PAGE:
The biggest challenge you may have with this word is how to pronounce it! Here are the syllables: an-thro-po-mor-phism.

So, what is anthropomorphism? Wikipedia defines it as “the attribution of human traits, emotions, or intentions to non-human entities.” In the canine context, this means treating your dog as if it was a human. At some point, I would suggest that we have all anthropomorphized our dogs to a greater or lesser degree: from the casual reference to your dog being “the son I never had” to a full-bore makeover to include dying your dog’s fur and dressing her in “doggy clothes”. Whether done for light-hearted reasons or a more serious end goal, there are three lessons to be learnt here: 1) don’t confuse loving your dog with treating it like a human, 2) dogs don’t think or behave like humans and 3) never forget DOGS ARE NOT CHILDREN!

So, why do we do it? As Vedika Shah writes in ‘The Bark”, “As humans, we tend to anthropomorphize dogs for our own satisfaction. Looking at and understanding them through a human lens is far easier than learning how they communicate.”  Becoming skilled in the art of reading and understanding a dog’s body language and behaviour takes an investment of time and effort, which many people are not prepared to make. They perceive it as being easier and more convenient for them to treat a dog as a human rather than a dog.

But, what effect can anthropomorphism have on our dogs? Shah writes “Do you think your dog enjoys wearing clothes? To him, a jacket or jumper is uncomfortable and stressful because it hinders his ability to communicate with the environment. Since dogs communicate through their bodies, putting an article of clothing on your dog is similar to placing a strip of tape across your mouth. However, dressing up dogs is only one of the many ways we anthropomorphize them. While grooming is good for your dog, extending it to manicures, coat-coloring and accessorizing is not.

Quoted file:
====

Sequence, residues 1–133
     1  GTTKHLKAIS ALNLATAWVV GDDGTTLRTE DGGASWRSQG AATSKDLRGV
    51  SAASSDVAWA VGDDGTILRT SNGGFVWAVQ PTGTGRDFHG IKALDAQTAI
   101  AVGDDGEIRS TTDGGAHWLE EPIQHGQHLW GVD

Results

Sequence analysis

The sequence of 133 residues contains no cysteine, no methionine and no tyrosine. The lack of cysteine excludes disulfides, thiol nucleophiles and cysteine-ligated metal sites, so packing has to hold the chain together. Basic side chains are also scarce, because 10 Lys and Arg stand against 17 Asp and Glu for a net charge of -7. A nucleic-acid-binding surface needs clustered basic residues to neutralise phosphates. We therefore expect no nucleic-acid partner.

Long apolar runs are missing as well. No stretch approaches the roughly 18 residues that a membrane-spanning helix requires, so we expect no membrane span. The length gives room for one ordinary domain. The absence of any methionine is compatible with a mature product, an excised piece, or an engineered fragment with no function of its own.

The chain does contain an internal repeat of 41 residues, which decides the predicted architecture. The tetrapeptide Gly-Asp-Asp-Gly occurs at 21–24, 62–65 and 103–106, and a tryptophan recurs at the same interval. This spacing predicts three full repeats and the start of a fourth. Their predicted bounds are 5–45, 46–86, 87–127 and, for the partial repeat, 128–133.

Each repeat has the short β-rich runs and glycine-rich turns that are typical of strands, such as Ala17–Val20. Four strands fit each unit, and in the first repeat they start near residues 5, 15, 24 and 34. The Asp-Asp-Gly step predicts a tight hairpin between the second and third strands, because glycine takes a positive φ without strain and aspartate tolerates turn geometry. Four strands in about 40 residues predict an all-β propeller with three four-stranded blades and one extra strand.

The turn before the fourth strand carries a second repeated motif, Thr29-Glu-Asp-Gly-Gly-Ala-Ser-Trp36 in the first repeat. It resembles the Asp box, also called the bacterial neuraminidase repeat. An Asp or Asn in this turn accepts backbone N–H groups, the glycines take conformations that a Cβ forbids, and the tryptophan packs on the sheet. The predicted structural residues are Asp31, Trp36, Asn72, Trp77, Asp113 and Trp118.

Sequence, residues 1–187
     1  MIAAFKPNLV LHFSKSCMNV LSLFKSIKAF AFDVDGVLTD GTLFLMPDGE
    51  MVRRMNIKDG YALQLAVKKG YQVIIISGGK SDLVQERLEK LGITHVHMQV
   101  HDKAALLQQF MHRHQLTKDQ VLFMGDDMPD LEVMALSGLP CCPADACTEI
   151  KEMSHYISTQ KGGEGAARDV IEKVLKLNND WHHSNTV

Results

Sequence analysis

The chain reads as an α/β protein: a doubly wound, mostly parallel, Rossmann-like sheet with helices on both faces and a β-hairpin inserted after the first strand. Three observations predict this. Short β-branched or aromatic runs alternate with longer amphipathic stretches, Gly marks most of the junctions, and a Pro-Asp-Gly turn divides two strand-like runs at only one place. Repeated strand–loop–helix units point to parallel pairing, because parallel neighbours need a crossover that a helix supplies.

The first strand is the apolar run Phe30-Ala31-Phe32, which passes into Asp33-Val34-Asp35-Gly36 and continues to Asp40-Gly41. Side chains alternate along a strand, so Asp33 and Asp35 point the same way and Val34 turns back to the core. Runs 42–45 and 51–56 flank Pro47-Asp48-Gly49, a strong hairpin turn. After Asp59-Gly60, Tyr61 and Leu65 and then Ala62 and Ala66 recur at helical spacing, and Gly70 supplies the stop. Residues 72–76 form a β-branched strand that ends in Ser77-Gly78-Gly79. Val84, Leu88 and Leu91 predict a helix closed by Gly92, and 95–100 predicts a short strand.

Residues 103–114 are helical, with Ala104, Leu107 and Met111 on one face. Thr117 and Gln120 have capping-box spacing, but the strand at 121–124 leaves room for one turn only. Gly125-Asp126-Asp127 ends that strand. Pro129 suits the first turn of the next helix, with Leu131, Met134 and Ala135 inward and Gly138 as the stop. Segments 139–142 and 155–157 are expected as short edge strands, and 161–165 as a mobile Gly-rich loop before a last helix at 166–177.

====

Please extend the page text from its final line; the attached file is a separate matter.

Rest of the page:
We need to realize where to draw the line when it comes to anthropomorphism. Whether the pet industry is to blame or the cinema, our dogs are unconsciously anthropomorphized in many ways, and it can lead to behavioral problems. Our dogs are not substitutes for babies, and treating them as though they are often aggravates their levels of stress, aggression and anxiety. Because we don’t realize we’re doing it, we keep on doing it over and over again without thinking about the consequences of our behavior.”

When we attempt to understand dogs through the human emotions of guilt, anger, jealousy, regret and so forth, we risk misunderstanding what our dogs want to tell us, and this can lead to behavioural issues. Understanding and making decisions for our dogs based on a human perception of right and wrong drowns the value of their existence in our lives. To build healthy bonds and strengthen existing relationships, we need to listen to what our dogs are trying to tell us and consider life from their point of view

We should all love our dogs for what they are: intelligent, insightful creatures who get enjoyment from life based on their own canine perspective. Beware of anthropomorphism!

About the author

Steve King

Steve King

Steve King was President and Founder of Community Therapy Dogs Society, a volunteer with Lions Foundation of Canada and a dog trainer.

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